First off, to those who read Field Ventures on a regular basis – allow me to apologize for the half a year silence. In that time I’ve been doing a lot of work (two jobs), traveling, and most importantly, welcoming my daughter, Chava Elizabeth, into the world and making the first steps in parenting. Although I’m a conservationist, I don’t jive with many that see humans as an inherent problem and who scold reproduction – we humans are capable of doing some terrible things to nature, but we also have a capacity to care for and restore it that is completely different and unparalleled in the animal kingdom – so having children and teaching them to live well as good stewards of the life and Earth they’ve been given is of utmost importance to me. All that aside, be looking for new Field Ventures post that should be upcoming on a more regular basis, with more experiences from the field, flashlight and other gear reviews, and all sorts of other stuff. Also, if you’re a herper, biologist or nature lover out there, Field Ventures would love to have YOU as a guest or regular blogger. We can’t pay anything, but we can give you an audience to educate and share in your passion for getting in the field. Email JDHolbrook@gmail.com for more information!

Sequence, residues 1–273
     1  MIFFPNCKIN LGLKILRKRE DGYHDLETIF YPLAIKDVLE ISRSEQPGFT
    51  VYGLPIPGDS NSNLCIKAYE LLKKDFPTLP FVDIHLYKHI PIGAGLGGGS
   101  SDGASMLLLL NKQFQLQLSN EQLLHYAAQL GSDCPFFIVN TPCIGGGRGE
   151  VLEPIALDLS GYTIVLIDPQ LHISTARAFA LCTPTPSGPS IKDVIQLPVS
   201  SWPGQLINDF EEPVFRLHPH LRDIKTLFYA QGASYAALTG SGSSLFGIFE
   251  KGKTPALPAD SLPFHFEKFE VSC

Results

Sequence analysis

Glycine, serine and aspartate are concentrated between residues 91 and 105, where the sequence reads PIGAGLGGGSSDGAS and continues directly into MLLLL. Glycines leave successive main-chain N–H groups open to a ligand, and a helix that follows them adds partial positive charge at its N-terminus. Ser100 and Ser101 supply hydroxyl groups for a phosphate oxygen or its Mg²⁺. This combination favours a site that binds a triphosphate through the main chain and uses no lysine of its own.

Having just moved from the two-season South Floridian weather (wet/dry season), the seasons here are wondrous to me – an amazing cycle of birth, growth, death and rebirth every year speaks to some of life’s fundamental truths. My herping season doesn’t really have to end because of salamander’s tolerance for extremely cold weather, but it really ‘heats up’ in March – and this is when I started finding many salamanders on the road with the rains, especially welcomed were the vibrant Red and Spring Salamanders:
Of course, dipnetting is a good way to see some cool critters:
The weather steadily got warmer and warmer from April on, and it wasn’t long before scaled ones began to make their appearances:
From there, things just kept getting warmer. I got out a little bit locally, but seldom broke out my camera for a long photo session – but either way, snakes, frogs, toads and salamanders were out and active, but as the summer continued the oppressive heat suppressed the salamander movement for the end of July and most of August. It was the age of snakes, and most nights yielded several individuals coupled with oppressive humidity – the kind that fogs up ones glasses instantly after stepping out of the car.
Amazingly though, the end of August began to produce nights that started to cool down to an almost chilly level. What sorcery is this? Sure enough, by the beginning of September some nights were getting downright cold. And so Fall came to western North Carolina. And with the return of the equinox came the resurgence of salamander movement, including dozens of these Bat Cave variants of the Yonahlossee Salamander (AKA “Crevice Salamanders”) in the proper locations:
And others made their appearance. A typical drive at a road near my house:
But all good things come to an end, and the frost begins to threaten regularly in my little corner of the world – and it leaves me to sit, dream, and await the rebirth that is the Spring.